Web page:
Parker sits atop the hotel and affords diners and drinkers some wonderful views of Brush Creek and beyond. A “veteran” at The Fontaine for more than six months now, Spruhan has just inked his second menu, which consists of both Parker signature items and appetizers and entrees listed as “seasonal plates.” “I didn’t want to stray too far from Parker is and what we want it to be. So, we want to continue to identify that while at the same time capitalizing on the season and the ingredients it provides,” Spruhan said.

I focused on the seasonal plates during my recent visit, which proved a wise and delicious choice. The grilled asparagus with citrus, brown butter, and aged gouda was as good as it sounds. For entrees, I selected the Oscar Benedict, a beef ribeye served atop a spicy softshell crab and asparagus accompanied by tarragon butter and topped with a sunny-side farm fresh egg. The use of the softshell crab as the starch was a touch of genius as the dish was one of the better entrees I’ve had around town in a long time.  “I have this dish at a number of restaurants I’ve worked in a number of iterations. I’ve done it with fillets, but I’m not generally fond of fillets, so this is my substitute. If you want a good steak and you like fillets, then you’re going to like this dish,” Spruhan stated.

My wife’s grilled Pacific halibut with buttered English peas, salted radishes baby root vegetables, and “captured broth,” was equally satisfying-moist, loaded with flavor, and a textual delight with the crunchy al dente veggies.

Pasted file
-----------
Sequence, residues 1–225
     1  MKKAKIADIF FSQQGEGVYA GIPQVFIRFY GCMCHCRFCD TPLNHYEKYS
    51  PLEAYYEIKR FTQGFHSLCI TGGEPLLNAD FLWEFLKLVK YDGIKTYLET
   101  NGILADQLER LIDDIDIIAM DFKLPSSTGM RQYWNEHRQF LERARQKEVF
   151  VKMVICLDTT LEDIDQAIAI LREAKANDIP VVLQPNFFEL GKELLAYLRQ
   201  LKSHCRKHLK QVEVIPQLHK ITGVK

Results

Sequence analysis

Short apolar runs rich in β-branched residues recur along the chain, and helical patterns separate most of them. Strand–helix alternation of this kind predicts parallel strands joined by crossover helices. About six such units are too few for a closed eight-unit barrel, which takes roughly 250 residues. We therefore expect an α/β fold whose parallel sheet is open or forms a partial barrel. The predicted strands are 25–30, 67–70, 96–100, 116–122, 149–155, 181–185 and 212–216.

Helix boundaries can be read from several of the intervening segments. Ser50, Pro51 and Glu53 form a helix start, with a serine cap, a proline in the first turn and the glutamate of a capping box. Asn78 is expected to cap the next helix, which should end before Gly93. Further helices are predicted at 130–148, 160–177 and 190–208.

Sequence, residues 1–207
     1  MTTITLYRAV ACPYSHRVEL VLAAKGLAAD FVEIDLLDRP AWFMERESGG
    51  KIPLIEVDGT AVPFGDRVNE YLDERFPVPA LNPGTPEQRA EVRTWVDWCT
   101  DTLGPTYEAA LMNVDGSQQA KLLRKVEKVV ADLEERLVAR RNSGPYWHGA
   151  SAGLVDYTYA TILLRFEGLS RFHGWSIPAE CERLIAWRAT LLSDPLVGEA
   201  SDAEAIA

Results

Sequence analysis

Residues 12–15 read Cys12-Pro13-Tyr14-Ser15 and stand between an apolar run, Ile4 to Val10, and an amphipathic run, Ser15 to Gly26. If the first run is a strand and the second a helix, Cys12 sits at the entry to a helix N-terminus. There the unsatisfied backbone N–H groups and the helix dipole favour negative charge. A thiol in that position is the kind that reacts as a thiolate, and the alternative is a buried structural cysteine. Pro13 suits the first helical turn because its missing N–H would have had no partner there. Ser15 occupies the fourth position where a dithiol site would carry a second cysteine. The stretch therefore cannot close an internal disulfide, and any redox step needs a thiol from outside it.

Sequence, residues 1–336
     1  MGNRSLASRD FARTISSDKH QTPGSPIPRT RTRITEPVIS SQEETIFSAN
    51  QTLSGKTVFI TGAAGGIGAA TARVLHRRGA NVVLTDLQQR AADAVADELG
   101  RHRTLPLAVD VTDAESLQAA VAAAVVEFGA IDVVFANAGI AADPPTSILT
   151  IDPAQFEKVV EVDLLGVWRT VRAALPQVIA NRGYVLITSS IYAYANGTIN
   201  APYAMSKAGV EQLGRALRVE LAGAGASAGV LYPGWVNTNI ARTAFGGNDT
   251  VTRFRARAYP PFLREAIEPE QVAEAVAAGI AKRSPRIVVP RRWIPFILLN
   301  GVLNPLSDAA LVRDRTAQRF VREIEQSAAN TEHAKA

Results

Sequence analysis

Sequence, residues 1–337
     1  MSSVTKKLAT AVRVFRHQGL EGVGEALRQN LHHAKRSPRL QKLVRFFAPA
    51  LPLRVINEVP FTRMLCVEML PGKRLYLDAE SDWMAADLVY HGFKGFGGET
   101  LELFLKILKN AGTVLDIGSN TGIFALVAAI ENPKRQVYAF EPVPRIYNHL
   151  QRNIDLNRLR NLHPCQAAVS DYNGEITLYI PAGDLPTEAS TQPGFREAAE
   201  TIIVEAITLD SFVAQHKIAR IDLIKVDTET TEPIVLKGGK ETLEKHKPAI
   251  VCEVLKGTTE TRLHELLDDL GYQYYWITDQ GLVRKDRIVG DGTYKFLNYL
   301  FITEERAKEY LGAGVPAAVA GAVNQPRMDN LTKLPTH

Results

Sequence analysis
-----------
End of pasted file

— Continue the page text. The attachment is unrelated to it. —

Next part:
I’m not sure what Sruhan has up his sleeve next, but I can’t wait to see. Oh, and I’ll be back for the Parker signature dishes next time.



I’m always up for a meal at Brady’s Public House. Chef/Owner Shaun Brady is one of the most talented chefs in the metro. Brady’s is known for amazing Irish/American specials, which they serve year-round, so they don’t change the menu as often as some other restaurants, but Brady tells me he loves running specials. “I like the ability to add specials depending on what we have coming in the door. I can have two or three specials every day depending on what we can get our hands on,” Brady shared. “I’m the kind of guy who when someone calls and says they only have so much, I say that I want it all. I’ll take a picture of it and share it with my chef friends in town and say, ‘look what I got.’ There’s always a nice little back and forth among the chefs in Kansas City.”

That said, Brady has added three great new items to his menu: a mushroom flatbread, a blackened salmon salad, and a chicken salad, Brady’s current favorite. “We take the chicken, brine it, then slow roast and mix it with sun-dried tomatoes, green onions, roasted red peppers, and served it with an olive oil lemon-basil dressing,” Brady said. Sounds great, and making it even better is the fact you can have it as a salad or a sandwich served on a house-made cheddar-green onion biscuit.

Spring has definitely sprung in Kansas City!